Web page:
The IEC is likely to extending elections in some parts of the country and Kabul after many polling stations failed to open.
A Round Up Of Saturday’s Parliamentary Elections
The Afghan government finally held the long-awaited parliamentary elections on Saturday in all but two of the country’s 34 provinces.
Elections in Kandahar were delayed on Friday following Thursday’s attack that killed the provincial police chief Gen Abdul Raziq and at least one other senior official.
Elections in Ghazni were however postponed a few months ago following heated disagreements over constituencies.
Polling stations meanwhile closed between 4pm and 6pm across the country but some will open on Sunday – after many remained closed throughout the day.
This was the third parliamentary election held in the country since the collapse of the Taliban regime and establishment of the new government in 2001.
This year’s race saw over 2,500 candidates run for just 249 seats in the Wolesi Jirga, the Lower House of Parliament, while the IEC had 5,070 centers across the country.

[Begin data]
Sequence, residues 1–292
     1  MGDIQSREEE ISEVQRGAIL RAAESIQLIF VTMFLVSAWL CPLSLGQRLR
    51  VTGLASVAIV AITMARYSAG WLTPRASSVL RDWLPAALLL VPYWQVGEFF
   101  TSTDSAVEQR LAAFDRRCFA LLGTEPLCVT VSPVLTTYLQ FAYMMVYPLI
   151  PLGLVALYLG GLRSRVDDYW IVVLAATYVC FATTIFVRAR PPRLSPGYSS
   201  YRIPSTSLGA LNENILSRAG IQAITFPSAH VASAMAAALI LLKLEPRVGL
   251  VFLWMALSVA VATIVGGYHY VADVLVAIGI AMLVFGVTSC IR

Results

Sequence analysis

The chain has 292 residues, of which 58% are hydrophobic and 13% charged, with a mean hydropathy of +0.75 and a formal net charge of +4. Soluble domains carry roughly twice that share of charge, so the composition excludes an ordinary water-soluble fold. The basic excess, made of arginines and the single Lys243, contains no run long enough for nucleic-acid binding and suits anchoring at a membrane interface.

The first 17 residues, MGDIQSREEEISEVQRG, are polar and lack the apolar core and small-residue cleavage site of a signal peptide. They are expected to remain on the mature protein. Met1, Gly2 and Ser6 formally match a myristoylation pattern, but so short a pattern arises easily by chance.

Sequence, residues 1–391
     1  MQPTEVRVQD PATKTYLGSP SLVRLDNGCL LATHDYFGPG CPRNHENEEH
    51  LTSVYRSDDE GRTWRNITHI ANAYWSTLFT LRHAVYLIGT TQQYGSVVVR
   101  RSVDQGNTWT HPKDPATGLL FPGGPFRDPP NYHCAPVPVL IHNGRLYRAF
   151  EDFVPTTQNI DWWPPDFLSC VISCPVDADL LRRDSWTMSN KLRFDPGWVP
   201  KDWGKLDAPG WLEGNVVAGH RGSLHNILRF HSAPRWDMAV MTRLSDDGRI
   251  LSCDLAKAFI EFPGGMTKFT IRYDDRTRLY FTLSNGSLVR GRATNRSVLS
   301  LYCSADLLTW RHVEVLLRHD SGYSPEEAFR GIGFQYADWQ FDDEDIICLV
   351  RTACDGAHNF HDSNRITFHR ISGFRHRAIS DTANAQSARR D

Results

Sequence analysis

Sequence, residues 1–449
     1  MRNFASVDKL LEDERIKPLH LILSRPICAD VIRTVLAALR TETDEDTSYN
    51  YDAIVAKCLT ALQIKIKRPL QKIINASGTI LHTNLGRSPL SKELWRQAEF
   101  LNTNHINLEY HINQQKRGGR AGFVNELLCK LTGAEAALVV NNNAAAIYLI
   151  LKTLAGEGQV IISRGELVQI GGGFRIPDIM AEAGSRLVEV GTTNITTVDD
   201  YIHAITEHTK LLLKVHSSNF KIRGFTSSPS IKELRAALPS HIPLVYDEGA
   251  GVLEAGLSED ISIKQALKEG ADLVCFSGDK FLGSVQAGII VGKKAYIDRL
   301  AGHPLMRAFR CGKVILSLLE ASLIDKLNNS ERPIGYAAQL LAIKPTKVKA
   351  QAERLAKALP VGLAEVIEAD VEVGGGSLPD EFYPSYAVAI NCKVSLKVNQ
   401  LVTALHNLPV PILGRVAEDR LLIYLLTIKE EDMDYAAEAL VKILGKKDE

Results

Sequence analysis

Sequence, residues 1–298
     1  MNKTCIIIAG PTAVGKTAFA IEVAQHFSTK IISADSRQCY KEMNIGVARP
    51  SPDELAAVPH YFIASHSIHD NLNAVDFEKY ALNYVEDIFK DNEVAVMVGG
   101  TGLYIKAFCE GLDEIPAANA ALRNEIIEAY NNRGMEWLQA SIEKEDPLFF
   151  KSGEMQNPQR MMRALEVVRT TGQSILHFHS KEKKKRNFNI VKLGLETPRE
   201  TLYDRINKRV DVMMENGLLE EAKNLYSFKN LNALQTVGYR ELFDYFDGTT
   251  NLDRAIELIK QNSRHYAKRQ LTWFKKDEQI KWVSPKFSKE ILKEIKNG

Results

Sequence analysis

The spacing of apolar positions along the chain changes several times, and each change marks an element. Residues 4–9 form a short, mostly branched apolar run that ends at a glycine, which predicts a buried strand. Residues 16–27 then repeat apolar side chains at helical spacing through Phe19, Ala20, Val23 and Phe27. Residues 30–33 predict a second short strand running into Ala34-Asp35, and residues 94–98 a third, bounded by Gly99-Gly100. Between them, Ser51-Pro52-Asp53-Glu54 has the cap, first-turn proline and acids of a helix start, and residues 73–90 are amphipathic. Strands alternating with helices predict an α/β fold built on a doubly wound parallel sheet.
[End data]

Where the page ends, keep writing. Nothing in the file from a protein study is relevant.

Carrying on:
Polling stations officially opened at 7am on Saturday, when President Ashraf Ghani cast the first ballot, followed by other high-ranking officials including the head of the IEC Abdul Badi Sayyad.
Ghani cast his vote at a polling station at the Amani High School in Kabul where he also addressed journalists and called on the nation to use their right to vote in order to choose their favorite candidates.
“I request every Afghan to use their right to vote today. It is a right and a responsibility,” Ghani said.
Ghani also said elections in Kandahar would be held next week and that efforts were being made to organize elections in Ghazni.
He also mentioned the “freedom martyrs” who had been killed during the election process.
He said Raziq and Gen. Momin, who were both killed this week in an attack “were martyrs in the fight against terrorism.”
CEO Casts His Vote
Later that morning, Chief Executive Officer of the National Unity Government Abdullah Abdullah visited Naderia High School in Kabul where he used his right to vote.
Speaking after casting his ballot, Abdullah said holding elections was a big step towards changing people’s lives.
According to him, the vast number of people that turned out to vote was testimony to the people’s anti-war and pro-peace sentiments.